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Report on research, innovation and technological performance in Germany 2021, vol 2021e

Edited by EFI - Commission of Experts for Research and Innovation

in Reports on Research, Innovation and Technological Performance in Germany from Expertenkommission Forschung und Innovation (EFI) - Commission of Experts for Research and Innovation, Berlin

Abstract: [Foreword ...] Chapter A 1 is dedicated to the impact of the COVID-19 crisis on the innovation activities of companies. For the majority of German companies, the current crisis situation negatively affects ongoing or planned innovation projects. In the Commission of Experts' opinion, the crisis can also act as a catalyst for the transition to new technologies and thus improve Germany's long-term competitiveness. This assumes that economic stimulus programmes and growth policy measures are designed with R&I in mind. In chapter A 2, the Commission of Experts comments on the Federal Government's research and innovation policy measures of the past year. It appreciates that the establishment of the Future Fund improves the financial framework conditions for the provision of venture and growth capital. It also welcomes the promotion of future technologies such as hydrogen and quantum technology within the framework of the Future Package. At the same time, it suggests accompanying measures to increase the effectiveness of key R&I policy initiatives launched in 2020. Although overcoming the COVID-19 crisis will be a key task for the new Federal Government in the coming legislative period, R&I policy must continue to be prioritized. In chapter A 3, the Commission of Experts names five priorities that should guide R&I policy in the next legislative period. These are: 'Addressing Grand Societal Challenges', 'Catching Up and Avoiding Technological Gaps', 'Securing the Skilled Labour Base', 'Increasing Innovation Participation', and 'Increasing the Agility of R&I Policy'. R&I policy has the responsibility to contribute to addressing the grand societal challenges and to initiate transformative change. As the policy approach of New Mission Orientation supports this, the Commission of Experts advocates in chapter B 1 that the Federal Government should give greater attention to this policy approach in a marketoriented version. The successful implementation of New Mission Orientation requires agile policy making. The Commission of Experts welcomes that R&I policy has already become more agile in recent years but calls on the Federal Government to incorporate agility in political action even more systematically. In chapter B 2, the Commission of Experts analyses how the system of vocational and continuing education and training (VET/CET) must change to keep pace with changing competence requirements due to digital transformation. To secure employment and realize innovation potentials, it is necessary to adapt VET to the requirements of the digitalized world of work and to strengthen job-related CET. The Commission of Experts recommends strengthening occupational adaptability by expanding flexible additional qualifications, providing sufficient resources for higher-quality CET programmes, and additionally promoting preventive adaptation qualifications. It moreover welcomes initiatives for the comprehensive monitoring of occupational skills in support of more tailored VET/CET. In chapter B 3, the Commission of Experts looks at the gene scissors CRISPR/Cas, a new tool for gene editing, and its use for medical purposes. Measured by the number of publications, Germany occupies a good position in CRISPR/Cas research in an international comparison. However, Germany falls behind when key performance indicators in the application and commercialization of this technology are considered. To be able to exploit untapped potential in the translation of research results into application, the framework conditions for approval procedures and the provision of private venture and growth capital must be improved and interdisciplinary cooperation and working groups must be promoted.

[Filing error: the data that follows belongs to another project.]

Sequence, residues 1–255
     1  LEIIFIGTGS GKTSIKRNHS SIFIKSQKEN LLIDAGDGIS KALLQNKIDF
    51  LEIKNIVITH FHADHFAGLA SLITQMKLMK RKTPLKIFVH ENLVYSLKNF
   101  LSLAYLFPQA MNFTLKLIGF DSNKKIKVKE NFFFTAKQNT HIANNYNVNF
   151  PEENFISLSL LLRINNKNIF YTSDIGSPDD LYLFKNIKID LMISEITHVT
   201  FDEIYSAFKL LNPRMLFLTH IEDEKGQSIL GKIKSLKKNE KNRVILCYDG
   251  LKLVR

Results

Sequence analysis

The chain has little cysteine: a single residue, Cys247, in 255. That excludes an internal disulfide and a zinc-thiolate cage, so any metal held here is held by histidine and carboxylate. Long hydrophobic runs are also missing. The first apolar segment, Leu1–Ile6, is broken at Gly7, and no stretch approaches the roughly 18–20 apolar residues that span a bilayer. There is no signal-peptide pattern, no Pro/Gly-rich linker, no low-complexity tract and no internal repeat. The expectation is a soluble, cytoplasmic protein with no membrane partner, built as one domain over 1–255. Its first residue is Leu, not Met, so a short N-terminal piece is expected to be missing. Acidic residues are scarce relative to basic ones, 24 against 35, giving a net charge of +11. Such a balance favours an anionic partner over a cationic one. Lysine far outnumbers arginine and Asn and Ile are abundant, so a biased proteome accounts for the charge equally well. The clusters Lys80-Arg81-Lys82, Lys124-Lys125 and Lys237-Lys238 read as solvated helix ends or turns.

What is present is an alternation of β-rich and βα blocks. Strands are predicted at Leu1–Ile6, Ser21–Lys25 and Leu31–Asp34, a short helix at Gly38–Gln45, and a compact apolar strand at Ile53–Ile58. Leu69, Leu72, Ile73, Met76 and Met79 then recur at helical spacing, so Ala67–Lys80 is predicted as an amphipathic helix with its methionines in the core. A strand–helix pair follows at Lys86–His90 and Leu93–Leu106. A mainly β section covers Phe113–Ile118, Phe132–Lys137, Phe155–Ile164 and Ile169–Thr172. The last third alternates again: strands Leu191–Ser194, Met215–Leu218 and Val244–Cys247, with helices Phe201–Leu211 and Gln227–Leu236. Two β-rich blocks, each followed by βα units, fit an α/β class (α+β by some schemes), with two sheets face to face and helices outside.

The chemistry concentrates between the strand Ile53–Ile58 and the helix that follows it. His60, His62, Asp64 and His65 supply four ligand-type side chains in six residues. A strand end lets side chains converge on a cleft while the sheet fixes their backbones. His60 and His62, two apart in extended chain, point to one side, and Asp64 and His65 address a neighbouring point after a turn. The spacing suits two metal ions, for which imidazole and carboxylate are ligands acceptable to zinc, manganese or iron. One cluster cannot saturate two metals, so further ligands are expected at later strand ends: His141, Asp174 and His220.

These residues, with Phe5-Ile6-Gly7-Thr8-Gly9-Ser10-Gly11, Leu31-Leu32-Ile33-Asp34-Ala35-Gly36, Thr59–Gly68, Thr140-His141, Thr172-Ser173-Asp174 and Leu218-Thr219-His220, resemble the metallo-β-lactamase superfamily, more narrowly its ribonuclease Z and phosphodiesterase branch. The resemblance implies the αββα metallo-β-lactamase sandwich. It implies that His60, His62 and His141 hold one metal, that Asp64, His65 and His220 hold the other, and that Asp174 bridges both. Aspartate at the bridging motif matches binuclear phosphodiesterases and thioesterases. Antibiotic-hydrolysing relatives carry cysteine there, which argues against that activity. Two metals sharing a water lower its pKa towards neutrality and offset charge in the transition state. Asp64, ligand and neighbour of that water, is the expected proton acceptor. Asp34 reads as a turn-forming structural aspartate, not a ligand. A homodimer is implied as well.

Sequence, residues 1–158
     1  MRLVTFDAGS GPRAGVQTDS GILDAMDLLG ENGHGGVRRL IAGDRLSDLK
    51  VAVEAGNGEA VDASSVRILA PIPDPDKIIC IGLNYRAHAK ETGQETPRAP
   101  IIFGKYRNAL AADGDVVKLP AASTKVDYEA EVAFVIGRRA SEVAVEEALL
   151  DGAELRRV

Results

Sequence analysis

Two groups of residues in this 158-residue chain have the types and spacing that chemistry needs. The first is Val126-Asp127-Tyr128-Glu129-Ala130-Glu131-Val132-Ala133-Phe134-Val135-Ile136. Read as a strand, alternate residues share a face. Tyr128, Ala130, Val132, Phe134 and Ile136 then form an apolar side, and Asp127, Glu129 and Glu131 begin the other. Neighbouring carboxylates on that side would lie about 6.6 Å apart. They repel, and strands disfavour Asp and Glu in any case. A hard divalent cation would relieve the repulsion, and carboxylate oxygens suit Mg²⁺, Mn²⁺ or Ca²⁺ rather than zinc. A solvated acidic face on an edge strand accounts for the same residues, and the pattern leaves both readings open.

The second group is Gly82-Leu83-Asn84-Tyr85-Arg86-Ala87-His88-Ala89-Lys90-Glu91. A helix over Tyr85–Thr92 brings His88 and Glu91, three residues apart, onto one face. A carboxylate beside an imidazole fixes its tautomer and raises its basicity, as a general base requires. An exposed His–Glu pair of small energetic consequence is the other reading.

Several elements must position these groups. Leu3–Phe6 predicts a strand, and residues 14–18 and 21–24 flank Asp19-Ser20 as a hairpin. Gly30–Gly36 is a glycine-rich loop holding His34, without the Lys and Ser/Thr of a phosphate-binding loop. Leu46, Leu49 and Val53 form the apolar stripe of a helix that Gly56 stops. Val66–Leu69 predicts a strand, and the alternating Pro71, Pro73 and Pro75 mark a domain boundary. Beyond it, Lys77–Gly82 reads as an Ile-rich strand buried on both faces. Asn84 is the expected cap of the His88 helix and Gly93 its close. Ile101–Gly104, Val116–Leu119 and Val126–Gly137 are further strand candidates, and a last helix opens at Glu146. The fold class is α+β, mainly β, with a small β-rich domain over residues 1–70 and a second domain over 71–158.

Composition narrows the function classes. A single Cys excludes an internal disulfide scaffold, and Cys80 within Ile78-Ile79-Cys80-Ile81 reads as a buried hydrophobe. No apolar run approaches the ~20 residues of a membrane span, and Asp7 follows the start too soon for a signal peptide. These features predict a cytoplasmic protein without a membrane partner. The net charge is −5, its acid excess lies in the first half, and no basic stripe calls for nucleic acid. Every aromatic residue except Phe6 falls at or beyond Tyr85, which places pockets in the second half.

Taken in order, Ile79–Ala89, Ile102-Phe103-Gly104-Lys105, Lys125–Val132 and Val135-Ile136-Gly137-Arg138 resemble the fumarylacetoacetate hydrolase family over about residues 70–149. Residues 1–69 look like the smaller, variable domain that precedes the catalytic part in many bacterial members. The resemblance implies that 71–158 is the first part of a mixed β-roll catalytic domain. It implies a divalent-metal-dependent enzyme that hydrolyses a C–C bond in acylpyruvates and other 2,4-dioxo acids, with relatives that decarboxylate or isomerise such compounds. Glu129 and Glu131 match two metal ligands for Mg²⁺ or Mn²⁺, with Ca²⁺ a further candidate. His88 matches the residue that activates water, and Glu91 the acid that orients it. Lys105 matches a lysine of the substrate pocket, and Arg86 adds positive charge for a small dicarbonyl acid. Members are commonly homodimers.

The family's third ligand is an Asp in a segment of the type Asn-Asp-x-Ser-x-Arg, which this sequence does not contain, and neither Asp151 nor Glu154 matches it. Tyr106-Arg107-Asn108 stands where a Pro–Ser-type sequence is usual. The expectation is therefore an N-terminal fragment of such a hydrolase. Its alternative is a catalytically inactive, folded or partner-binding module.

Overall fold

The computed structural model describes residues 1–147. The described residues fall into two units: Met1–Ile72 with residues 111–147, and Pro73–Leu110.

Date: 2021
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